DURBAN, South Africa — South African banks have admitted to putting less effort in supporting black businesses financially.
The banks have however justified themselves saying they are looking at the interests of their depositors.
The South African Bankers Association (Basa) which represents 36 banks has recognized that banks ought to do much for the economy to better reflect the country’s demographics.
The banks added that total empowerment financing in 2019 dropped by 19.5% equivalent of R203.7 billion while exposure to Black Economic Empowerment deals dropped by 35% from the previous year to R107bn in 2019.
Dr Azar Jammine, chief economist at Econometrix said that regardless of the race, small businesses faced challenges when seeking financial assistance from the country’s financial institutions.
He added that this has made most small entrepreneurs give up hope of approaching traditional banks.
“I am a small white businessman, and I have struggled with the banks as well.
“The principle is that it is easier to ask for a billion-dollar loan than to ask for a R10 000 loan very often because if you ask for a billion-dollar loan, you are seen as a big player, and the banks are interpreted as being more sympathetic to that kind of situation,” he said.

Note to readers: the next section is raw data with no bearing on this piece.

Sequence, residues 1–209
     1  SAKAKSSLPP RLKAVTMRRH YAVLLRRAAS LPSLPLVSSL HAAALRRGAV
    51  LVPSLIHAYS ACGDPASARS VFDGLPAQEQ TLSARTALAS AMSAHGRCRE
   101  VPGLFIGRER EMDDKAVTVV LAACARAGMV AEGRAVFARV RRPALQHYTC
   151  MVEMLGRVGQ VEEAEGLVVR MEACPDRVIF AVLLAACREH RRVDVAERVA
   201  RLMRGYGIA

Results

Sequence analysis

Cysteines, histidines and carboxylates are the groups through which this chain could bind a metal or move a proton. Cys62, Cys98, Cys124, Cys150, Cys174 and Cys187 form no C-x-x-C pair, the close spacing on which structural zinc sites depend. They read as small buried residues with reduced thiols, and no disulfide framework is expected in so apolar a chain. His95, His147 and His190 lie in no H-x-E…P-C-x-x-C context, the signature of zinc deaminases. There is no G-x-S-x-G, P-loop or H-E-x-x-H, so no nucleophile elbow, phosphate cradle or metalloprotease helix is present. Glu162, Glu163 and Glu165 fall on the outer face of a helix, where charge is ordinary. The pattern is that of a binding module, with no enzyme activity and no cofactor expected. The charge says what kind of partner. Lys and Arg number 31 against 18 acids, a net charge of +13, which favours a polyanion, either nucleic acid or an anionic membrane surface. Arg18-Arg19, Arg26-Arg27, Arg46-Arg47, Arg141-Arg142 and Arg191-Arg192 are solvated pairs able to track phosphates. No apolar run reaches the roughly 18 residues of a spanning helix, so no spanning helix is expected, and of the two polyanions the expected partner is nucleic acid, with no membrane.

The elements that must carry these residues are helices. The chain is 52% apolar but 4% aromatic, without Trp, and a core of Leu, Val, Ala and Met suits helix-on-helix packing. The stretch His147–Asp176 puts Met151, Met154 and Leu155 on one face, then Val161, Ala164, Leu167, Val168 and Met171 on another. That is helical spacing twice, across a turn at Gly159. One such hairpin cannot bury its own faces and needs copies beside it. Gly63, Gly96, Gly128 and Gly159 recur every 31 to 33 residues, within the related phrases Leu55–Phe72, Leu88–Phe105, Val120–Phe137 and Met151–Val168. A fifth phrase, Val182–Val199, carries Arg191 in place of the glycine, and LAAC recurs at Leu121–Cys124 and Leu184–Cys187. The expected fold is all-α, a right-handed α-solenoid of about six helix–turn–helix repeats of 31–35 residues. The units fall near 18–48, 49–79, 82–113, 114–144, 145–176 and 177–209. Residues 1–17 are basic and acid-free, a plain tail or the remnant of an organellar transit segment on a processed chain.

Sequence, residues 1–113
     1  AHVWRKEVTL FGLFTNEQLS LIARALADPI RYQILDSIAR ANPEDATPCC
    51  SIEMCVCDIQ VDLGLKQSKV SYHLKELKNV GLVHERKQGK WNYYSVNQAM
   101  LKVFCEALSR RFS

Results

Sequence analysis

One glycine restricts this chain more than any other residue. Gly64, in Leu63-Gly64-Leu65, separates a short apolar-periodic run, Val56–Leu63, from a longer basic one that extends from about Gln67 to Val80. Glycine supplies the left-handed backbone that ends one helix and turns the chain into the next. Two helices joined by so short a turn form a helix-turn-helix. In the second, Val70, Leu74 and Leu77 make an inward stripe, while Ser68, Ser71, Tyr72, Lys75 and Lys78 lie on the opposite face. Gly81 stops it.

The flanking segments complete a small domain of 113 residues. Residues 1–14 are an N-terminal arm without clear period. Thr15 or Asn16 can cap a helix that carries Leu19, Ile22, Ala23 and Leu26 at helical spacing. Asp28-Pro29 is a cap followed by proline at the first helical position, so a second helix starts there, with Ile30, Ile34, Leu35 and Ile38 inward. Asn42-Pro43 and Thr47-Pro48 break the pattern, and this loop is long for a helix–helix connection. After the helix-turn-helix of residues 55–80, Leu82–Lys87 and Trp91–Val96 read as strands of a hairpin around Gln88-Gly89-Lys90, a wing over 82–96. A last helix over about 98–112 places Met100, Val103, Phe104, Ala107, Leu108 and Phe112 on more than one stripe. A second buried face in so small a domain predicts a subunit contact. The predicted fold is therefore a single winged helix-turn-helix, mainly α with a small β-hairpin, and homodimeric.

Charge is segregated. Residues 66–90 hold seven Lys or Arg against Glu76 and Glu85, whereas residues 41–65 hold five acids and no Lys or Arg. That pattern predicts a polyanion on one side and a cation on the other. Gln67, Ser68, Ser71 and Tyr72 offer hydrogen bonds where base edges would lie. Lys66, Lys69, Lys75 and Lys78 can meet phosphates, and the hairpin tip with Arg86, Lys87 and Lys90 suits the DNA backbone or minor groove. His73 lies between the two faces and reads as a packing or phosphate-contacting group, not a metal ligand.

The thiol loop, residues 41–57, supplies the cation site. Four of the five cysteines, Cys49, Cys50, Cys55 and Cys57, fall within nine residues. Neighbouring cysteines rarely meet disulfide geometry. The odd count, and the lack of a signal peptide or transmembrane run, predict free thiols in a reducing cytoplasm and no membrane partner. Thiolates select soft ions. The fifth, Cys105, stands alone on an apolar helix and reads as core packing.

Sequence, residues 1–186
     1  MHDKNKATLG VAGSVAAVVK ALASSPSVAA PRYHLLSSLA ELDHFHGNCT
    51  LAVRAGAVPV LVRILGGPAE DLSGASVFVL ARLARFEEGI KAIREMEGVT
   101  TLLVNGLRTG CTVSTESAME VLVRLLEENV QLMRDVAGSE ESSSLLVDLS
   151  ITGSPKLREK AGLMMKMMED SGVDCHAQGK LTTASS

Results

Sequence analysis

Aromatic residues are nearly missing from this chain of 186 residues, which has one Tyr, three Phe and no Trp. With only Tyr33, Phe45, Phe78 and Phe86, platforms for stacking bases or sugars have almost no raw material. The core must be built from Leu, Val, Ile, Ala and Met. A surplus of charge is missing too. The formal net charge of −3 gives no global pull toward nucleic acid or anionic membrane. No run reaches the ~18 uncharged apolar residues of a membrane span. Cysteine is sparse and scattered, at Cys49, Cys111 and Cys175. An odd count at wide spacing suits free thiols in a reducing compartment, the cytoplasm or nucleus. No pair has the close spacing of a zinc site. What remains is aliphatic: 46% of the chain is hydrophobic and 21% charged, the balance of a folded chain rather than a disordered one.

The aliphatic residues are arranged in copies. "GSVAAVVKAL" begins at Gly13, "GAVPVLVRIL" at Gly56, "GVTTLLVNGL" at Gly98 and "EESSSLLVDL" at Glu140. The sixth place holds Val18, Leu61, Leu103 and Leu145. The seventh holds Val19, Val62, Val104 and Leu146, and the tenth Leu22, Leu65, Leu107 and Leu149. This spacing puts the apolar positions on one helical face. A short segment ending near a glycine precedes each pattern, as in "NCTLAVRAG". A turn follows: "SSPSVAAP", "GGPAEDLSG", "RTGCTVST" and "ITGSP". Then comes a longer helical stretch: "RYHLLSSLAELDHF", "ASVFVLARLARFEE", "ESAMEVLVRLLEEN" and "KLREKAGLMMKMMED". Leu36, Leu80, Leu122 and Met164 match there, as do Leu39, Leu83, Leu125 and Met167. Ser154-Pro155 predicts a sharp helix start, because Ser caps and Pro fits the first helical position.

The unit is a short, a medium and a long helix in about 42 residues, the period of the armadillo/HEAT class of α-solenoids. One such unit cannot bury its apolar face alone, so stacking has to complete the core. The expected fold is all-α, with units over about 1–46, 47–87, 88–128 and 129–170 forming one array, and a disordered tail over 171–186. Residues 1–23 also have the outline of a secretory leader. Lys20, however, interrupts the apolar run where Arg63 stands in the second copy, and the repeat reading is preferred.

Basa said that in 2019, members implemented transformation to support broad-based black empowerment (B-BBEE). However, this is yet to be felt by associations of black entrepreneurs.
Black businesses are calling for a speedy establishment of the state-owned bank and an expansion of the Land’s Bank’s mandate.
Black businesses still remain in the economy while enduring discrimination from the banks.
Basa has however denied allegations of racial discrimination stating that its members “opposed all forms of discrimination and promised to treat all customers fairly.”